BY BENEFITS PRO
Google is aggressively collecting and analyzing health care data on millions of patients in 21 states across the U.S.
The effort represents what the Wall Street Journal terms the “biggest effort yet by a Silicon Valley giant to gain a toehold in the health-care industry through the handling of patients’ medical data.”
“Project Nightingale” was first launched last year, in collaboration with Ascension, the Catholic nonprofit that operates over 2,500 hospitals around the country, which has agreed to share its’ patient data with Google.
The effort has targeted complete patient medical records, including names, lab results, hospital visits and prescriptions.
Google is using the information to develop artificial intelligence software that it hopes to sell to to health care providers. The software is supposed to analyze patient medical histories and recommend (or recommend against) treatments.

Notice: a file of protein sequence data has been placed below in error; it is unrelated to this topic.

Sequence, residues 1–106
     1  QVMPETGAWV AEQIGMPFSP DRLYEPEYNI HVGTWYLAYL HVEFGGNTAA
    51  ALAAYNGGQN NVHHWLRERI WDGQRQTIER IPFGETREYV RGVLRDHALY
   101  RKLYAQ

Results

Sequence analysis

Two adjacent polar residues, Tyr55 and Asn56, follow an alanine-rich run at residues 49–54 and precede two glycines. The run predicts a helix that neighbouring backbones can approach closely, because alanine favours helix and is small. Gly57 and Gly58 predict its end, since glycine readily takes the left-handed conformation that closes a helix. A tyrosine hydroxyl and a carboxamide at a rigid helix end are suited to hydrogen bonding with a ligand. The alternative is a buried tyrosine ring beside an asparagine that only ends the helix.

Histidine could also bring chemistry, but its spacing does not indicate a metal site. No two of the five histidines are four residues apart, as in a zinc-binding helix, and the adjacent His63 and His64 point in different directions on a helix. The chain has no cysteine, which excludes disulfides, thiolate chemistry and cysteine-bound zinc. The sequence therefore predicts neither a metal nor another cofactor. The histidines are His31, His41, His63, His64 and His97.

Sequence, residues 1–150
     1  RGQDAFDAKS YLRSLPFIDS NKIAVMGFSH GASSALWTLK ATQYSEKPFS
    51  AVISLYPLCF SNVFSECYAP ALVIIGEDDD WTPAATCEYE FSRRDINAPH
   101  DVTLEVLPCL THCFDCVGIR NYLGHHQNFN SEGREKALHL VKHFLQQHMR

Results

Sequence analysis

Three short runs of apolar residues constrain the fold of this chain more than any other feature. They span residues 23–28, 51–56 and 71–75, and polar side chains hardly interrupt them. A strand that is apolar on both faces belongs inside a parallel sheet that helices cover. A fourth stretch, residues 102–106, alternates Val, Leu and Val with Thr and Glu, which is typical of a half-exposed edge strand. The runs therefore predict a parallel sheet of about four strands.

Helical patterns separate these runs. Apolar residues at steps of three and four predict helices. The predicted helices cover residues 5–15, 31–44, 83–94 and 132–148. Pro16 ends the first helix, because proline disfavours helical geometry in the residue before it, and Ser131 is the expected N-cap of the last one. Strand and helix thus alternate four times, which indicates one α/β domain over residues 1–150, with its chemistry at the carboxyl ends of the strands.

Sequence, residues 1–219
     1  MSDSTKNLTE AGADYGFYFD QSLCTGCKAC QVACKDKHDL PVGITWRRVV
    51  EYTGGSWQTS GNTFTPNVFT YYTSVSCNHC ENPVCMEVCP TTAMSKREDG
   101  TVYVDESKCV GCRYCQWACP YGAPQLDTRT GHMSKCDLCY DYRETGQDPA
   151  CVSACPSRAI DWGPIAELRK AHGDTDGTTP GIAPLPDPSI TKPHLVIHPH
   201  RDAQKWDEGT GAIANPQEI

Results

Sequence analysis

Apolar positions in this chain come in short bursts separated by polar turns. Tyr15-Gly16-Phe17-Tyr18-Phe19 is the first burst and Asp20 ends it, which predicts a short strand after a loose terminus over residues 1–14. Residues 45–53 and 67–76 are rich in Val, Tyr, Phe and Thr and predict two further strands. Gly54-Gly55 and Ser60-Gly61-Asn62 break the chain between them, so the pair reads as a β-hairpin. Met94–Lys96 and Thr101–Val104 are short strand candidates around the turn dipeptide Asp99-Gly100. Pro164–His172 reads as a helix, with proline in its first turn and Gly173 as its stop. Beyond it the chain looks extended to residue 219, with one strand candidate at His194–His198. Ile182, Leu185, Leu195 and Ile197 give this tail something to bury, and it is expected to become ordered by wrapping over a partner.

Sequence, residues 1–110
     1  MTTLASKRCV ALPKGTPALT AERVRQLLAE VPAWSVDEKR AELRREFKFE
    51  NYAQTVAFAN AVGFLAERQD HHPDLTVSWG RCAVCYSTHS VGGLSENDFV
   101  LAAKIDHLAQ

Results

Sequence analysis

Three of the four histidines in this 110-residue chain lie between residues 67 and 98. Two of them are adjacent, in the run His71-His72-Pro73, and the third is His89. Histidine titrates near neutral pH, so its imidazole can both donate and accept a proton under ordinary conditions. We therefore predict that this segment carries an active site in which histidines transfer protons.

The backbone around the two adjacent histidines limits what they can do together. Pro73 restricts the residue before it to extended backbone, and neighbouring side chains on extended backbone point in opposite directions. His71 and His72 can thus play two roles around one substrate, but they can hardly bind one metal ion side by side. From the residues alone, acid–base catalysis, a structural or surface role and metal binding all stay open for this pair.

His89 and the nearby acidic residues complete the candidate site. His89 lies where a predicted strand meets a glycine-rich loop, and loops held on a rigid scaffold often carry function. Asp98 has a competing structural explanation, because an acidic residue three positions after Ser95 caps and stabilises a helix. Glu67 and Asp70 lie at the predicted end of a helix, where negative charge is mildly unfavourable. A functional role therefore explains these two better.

Right now, however, Ascension is not getting charged for Google’s work.
Legal experts tell the Wall Street Journal that the project appears to not run afoul of HIPAA.
However, like many other tech giants, Google does not enjoy a high level of public trust when it comes to privacy. Just two months ago the company paid a $170 million fine over illegal data collection via YouTube.
Lawmakers aren’t necessarily buying the assurances either.
“That a health care provider could be furnishing sensitive health data, directly tied to patient names and dates of birth and without the knowledge or consent of doctors or patients, to Google should be deeply unsettling,” Sen. Mark Warner, D-Va., told The Hill.
Project Nightingale is hardly the company’s only experiment with health data. Google also struck a deal with the Mayo Clinic to store its health data over the next ten years. Earlier this month, it announced it had acquired Fitbit, prompting concerns from privacy advocates about how Google would use the personal data collected from Fitbit wearable devices, which track a variety of health metrics.